If this PR introduces a breaking change, the release note block must start with
**BREAKING:** (note the bold text).
If the pull request contains a critical bug fix then this should be cherry picked in to the current stable cert-manager branch and released as a patch release.
To trigger the cherry-pick process, add a comment to the GitHub PR. For example:
jetstack-bot will then create a new branch and a PR against the release branch,
which should be reviewed, approved and merged using the process described above.
All commits in the PR should be signed off, more info on how to do this is at the DCO Sign Off page. Exceptions can only be made for small documentation fixes.
Most of cert-manager's project management is done on GitHub, with the help of Prow.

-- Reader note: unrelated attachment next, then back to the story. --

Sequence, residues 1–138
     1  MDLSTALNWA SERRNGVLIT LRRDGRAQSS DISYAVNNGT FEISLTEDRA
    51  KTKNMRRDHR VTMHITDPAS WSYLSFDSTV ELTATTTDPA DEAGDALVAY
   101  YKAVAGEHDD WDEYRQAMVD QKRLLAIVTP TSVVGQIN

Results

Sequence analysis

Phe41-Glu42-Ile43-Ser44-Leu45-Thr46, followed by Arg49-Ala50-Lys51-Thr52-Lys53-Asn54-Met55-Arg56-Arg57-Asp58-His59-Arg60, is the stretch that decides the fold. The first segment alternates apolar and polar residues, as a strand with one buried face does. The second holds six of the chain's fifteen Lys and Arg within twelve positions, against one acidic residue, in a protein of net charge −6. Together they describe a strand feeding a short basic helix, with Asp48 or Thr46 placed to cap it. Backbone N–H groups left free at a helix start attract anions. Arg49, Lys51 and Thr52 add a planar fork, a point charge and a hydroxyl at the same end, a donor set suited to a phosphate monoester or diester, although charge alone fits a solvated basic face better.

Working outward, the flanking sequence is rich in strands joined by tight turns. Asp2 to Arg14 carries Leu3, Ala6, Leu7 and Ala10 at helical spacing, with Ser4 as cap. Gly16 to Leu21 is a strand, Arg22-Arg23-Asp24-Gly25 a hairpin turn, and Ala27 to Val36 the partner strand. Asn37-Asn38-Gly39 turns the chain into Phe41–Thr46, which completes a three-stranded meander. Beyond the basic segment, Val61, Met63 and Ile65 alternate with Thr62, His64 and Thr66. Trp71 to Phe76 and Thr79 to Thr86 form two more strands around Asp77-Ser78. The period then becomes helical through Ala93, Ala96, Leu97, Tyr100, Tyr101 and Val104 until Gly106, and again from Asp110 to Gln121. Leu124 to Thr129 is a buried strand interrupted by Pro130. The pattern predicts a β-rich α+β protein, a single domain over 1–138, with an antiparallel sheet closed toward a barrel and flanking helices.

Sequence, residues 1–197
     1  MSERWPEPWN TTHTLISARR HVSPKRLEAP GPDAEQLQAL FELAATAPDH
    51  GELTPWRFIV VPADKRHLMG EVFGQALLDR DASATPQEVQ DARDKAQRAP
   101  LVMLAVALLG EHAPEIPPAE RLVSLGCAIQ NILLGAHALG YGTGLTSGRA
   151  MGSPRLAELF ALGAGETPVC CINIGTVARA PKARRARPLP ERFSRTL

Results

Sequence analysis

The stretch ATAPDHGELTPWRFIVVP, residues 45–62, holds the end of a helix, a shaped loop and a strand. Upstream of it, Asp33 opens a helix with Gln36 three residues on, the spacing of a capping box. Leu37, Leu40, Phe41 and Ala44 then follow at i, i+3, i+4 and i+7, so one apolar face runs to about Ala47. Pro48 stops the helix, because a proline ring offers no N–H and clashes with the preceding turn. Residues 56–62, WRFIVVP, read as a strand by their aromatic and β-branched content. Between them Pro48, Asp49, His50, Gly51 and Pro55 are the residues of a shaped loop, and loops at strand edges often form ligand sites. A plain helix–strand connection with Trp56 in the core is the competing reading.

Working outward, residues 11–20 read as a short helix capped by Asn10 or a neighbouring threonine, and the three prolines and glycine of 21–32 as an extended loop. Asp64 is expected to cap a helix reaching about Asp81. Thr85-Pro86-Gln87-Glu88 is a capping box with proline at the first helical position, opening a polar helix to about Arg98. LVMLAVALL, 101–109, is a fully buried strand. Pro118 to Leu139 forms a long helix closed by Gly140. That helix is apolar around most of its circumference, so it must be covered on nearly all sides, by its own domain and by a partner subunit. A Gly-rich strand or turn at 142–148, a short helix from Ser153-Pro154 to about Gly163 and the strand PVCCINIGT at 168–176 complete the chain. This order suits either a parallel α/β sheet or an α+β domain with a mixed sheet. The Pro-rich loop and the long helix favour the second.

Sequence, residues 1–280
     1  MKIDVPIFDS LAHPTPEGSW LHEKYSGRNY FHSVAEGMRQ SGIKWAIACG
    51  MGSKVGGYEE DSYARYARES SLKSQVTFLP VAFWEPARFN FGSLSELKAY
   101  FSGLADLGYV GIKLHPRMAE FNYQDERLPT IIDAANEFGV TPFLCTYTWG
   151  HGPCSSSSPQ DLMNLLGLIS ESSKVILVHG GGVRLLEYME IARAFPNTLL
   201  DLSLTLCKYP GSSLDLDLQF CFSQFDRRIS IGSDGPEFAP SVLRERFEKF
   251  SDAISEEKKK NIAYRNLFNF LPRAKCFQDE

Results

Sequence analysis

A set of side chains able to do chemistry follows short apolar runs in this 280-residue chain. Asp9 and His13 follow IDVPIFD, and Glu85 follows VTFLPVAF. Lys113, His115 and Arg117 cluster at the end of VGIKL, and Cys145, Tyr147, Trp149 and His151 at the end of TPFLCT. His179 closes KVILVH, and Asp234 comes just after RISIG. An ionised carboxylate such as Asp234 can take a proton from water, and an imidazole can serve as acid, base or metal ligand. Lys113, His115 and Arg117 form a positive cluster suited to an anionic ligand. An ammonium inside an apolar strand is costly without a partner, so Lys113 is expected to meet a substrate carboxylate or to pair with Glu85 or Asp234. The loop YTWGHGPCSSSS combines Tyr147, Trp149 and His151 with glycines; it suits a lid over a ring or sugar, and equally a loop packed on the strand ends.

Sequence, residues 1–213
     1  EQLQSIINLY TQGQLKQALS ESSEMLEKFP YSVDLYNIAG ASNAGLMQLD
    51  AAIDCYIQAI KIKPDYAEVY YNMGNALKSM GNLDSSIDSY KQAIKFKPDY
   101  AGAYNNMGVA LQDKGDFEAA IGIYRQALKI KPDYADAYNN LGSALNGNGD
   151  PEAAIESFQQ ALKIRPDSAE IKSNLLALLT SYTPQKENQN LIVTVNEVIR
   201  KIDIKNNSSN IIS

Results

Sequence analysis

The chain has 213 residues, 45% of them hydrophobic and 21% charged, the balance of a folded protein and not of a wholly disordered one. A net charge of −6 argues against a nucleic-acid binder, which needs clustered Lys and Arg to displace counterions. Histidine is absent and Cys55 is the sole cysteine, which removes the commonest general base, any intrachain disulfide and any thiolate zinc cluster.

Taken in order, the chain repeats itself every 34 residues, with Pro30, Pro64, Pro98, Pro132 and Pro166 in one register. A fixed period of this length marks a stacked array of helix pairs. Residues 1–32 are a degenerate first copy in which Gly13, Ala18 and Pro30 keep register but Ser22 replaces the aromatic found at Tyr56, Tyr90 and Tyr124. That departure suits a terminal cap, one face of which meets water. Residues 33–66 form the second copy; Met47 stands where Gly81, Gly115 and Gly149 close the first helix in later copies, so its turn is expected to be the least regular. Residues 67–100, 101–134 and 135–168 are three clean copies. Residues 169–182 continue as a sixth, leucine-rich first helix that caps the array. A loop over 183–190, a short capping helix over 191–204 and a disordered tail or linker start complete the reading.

Our team works using GitHub milestones. When a milestone is set on an Issue it is generally an indication of when we plan to address this. Prow will apply milestones on merged PRs, this will tell you in which version that PR will land.
The milestone page will also have an indicated due date when we will release. This might have some delay. We brief our users/contributors about this in our bi-weekly community meeting, for an up to date status report we recommend joining these.
We make a heavy use of GitHub labels for PRs and Issues. The ones on PRs are mostly managed by Prow and code reviewers.